Voting for change

by Teresa Acklin
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Western Canadian wheat, barley farmers vote to liberalize grain marketing in Canada, but change is not imminent.

   Grain producers in the western Canadian province of Alberta have voted to end the Canadian Wheat Board's marketing monopoly on wheat and barley. However, no changes in Canada's grain marketing system are likely to result, at least in the short term.

   The Alberta plebiscite, conducted over 10 days in November, was ordered after a motion to conduct the vote was unanimously approved by the Alberta legislature. Some producers and farm groups in the western provinces want the right to sell wheat and barley on the open market; under current Canadian law, they may sell only to the C.W.B., which is the sole entity allowed to sell the country's wheat and barley on the world market.

   Proponents of the measure stressed that they were not calling for an end to the C.W.B., but for a dual-marketing system. Such a system, they said, would accommodate customers whose more specialized needs are difficult for the C.W.B. to coordinate, as well as importers who prefer dealing with the grain selling agency.

   The question put to farmers asked if they supported “having the freedom to sell” their wheat and barley to any domestic or export buyer, including the C.W.B. About 40% of eligible farmers voted in the plebiscite, with 62% of wheat producers and 66% of barley producers responding affirmatively.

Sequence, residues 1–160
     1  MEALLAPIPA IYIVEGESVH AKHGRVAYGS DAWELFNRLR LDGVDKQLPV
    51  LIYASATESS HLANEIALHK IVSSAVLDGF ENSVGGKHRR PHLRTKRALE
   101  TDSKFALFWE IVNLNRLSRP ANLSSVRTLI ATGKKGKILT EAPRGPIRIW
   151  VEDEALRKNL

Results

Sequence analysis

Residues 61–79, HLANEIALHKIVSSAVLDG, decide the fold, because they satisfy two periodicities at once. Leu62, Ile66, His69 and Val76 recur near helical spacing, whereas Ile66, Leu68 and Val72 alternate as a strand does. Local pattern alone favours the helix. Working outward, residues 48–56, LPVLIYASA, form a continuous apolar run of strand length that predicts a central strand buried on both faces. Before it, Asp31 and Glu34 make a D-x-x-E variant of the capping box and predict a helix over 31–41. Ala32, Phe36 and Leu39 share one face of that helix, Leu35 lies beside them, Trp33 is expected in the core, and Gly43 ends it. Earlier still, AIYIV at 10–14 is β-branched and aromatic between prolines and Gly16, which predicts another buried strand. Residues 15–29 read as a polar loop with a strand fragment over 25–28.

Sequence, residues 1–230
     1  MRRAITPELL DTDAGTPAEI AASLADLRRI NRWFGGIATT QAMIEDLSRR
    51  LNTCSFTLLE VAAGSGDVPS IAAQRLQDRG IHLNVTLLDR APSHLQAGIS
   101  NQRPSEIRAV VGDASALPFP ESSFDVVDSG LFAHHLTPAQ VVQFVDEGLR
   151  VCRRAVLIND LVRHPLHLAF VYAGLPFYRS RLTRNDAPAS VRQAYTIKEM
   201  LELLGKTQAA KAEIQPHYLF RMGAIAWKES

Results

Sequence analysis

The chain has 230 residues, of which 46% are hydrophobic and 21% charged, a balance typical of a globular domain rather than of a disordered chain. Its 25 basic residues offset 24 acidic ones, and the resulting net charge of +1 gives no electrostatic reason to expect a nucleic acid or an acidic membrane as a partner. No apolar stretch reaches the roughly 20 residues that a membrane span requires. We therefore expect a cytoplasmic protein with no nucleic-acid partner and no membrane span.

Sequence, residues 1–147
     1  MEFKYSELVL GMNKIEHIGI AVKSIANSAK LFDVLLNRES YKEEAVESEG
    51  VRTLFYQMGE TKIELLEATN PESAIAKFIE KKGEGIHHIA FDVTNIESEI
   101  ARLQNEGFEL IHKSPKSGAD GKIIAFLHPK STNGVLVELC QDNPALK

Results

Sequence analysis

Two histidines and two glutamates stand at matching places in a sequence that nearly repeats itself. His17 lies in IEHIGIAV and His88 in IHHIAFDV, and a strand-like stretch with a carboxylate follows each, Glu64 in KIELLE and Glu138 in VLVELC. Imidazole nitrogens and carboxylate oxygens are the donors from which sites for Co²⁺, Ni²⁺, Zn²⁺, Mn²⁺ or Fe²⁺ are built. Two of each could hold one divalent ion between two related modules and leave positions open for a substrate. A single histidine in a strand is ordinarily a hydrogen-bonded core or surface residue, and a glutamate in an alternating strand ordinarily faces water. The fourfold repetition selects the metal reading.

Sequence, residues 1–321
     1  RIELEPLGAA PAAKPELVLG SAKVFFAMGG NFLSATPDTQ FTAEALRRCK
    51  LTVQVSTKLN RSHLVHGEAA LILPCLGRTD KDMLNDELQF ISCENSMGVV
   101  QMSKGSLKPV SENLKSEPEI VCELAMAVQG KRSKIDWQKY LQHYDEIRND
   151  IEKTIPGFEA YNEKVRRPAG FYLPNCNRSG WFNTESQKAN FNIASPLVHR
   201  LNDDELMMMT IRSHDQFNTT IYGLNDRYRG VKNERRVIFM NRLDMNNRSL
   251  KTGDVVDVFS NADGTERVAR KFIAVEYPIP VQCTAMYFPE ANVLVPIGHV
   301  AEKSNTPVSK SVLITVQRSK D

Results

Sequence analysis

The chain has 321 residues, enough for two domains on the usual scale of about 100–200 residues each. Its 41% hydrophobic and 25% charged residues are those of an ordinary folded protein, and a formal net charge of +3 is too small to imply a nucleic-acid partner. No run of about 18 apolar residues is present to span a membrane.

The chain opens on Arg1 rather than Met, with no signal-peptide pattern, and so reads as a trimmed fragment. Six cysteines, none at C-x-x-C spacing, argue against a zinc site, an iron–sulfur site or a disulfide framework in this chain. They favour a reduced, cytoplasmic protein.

Under the legislative motion setting the plebiscite, the affirmative vote authorizes the province to request that the Canadian government amend the C.W.B. Act. But the federal government is not bound by the vote.

   Indeed, Ralph Goodale, Canadian minister of agriculture and agri-food, stated that he would not honor the outcome of the plebiscite. A government panel appointed in July 1995 is reviewing the nation's grain marketing structure, and Mr. Goodale said the recommendations of that panel would guide decision making on the future of Canadian grain marketing.

   C.W.B. officials themselves criticized the plebiscite and its results. They cited the ambiguity of the question, which they said was worded to elicit a “yes” response, and challenged the underlying assumption that the C.W.B. could survive in a dual market. They also noted that fewer than half of the eligible producers actually voted — just under 16,000 out of 35,000 — and they questioned the security and integrity of the voting system.

   Farmers at least 18 years old who produced wheat and/or barley in one of the past three years and maintained a financial interest in the crop were eligible to vote. Ballots were cast at polling stations or were submitted by mail.